Sponsored by the Rutgers University Department of Mathematics and the
Center for Discrete Mathematics and Theoretical Computer Science (DIMACS)

Brian Nakamura, Rutgers University, bnaka {at} math [dot] rutgers [dot] edu
Doron Zeilberger, Rutgers University, zeilberg {at} math [dot] rutgers [dot] edu

Title: Where is the cheapest equation?

Speaker: Manuel Kauers, Research Institute for Symbolic Computation, J. Kepler University, Linz, Austria

Date: Monday, September 26, 2011, 5:00pm (Note special day!)
ROOM CHANGE: CoRE 431 (DIMACS Seminar Room)

Location: CoRE 431 (DIMACS Seminar Room), Busch Campus, Piscataway, NJ


Zeilberger's celebrated method of creative telescoping computes equations for given definite sums or integrals. These equations are linear recurrence or differential equtions of a certain finite order r with polynomial coefficients of some degree d. For designing efficient summation software, it is useful to know in advance for which pairs (r,d) there will exist a solution of order r and degree d. These pairs (r,d) form a certain region in N^2, whose precise shape was not well understood until now. Together with Shaoshi Chen, we have recently determined a curve which provides a surprisingly accurate description of the boundary of this region. We will not make an attempt at explaining our technical derivation of this curve in the talk, but we will show how its knowledge can be used to determine, for example, the pair (r,d) for which the computational cost is minimal. Perhaps surprisingly, it turns out that this is not the pair where r is minimal.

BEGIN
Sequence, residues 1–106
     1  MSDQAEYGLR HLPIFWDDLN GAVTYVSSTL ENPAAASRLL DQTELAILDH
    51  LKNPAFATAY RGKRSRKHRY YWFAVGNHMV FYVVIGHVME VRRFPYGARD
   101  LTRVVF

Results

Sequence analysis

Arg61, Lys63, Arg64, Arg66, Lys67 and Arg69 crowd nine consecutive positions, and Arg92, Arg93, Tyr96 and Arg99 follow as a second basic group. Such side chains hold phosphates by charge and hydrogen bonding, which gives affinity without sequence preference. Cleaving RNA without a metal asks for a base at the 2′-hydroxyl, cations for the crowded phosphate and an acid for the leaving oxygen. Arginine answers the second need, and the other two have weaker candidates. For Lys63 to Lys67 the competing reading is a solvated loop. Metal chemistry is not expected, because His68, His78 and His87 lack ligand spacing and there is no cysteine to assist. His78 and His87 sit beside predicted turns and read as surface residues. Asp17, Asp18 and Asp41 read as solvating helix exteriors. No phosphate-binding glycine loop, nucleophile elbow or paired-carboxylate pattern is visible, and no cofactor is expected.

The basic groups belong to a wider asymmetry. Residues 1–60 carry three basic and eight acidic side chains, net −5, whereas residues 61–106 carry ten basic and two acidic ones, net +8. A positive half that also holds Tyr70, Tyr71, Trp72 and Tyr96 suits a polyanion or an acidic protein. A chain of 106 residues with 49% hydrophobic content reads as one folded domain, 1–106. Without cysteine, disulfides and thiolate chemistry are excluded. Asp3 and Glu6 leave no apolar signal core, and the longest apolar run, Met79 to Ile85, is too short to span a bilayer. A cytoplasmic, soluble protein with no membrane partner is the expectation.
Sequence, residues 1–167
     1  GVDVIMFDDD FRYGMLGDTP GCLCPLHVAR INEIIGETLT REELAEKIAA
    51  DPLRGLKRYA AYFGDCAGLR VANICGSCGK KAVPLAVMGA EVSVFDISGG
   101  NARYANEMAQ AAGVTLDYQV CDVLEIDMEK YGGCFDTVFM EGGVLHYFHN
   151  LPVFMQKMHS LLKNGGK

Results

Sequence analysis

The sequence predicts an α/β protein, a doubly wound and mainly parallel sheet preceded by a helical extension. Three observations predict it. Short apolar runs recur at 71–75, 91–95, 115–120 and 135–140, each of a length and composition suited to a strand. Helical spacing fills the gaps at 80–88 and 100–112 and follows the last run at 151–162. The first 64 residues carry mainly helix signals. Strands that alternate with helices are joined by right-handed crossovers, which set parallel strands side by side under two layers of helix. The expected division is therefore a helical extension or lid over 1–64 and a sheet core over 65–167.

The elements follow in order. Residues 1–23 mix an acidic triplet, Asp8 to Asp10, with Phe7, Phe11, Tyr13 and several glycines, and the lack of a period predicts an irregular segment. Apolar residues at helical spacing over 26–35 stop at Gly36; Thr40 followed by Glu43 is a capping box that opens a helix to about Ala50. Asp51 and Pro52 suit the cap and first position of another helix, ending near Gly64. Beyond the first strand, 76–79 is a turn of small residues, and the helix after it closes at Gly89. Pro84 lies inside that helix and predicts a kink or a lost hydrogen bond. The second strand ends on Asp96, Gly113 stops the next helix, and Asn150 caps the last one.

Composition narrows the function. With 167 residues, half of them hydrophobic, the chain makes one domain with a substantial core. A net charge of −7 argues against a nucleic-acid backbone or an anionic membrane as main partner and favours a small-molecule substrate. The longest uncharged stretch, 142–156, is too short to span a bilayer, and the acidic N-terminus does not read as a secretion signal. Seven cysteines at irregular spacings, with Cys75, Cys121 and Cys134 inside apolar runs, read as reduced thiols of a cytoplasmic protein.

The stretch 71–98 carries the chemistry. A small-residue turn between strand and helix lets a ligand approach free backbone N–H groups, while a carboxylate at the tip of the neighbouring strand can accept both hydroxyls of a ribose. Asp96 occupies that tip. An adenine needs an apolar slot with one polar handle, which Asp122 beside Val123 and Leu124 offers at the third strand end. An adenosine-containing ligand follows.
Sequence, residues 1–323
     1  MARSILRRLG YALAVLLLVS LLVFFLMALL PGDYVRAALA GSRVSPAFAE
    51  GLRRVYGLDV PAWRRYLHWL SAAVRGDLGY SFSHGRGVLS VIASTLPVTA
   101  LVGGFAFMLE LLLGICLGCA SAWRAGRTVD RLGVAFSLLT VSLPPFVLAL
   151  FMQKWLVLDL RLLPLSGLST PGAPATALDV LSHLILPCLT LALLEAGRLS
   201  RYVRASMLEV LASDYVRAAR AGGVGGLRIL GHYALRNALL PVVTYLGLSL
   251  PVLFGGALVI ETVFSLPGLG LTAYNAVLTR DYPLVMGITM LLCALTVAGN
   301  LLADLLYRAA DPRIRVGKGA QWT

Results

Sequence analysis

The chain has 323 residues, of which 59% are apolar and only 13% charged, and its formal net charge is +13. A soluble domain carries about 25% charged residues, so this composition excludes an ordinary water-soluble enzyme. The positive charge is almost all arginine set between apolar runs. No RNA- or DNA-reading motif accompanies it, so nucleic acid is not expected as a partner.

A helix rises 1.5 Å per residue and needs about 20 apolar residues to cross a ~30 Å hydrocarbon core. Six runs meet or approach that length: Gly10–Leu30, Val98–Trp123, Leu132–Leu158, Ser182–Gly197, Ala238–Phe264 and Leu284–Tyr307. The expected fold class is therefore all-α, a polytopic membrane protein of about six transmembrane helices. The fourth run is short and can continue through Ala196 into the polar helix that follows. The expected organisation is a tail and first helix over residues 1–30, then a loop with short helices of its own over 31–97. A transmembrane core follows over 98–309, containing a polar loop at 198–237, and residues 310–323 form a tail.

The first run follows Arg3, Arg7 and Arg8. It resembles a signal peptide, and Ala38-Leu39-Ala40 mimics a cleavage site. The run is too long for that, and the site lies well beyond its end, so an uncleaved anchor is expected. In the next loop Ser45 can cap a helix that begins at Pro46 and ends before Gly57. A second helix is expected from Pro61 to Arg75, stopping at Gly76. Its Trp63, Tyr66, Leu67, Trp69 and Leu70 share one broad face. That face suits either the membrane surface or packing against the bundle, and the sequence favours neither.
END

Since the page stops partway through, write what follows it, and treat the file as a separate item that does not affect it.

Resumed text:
See: http://www.math.rutgers.edu/~bnaka/expmath/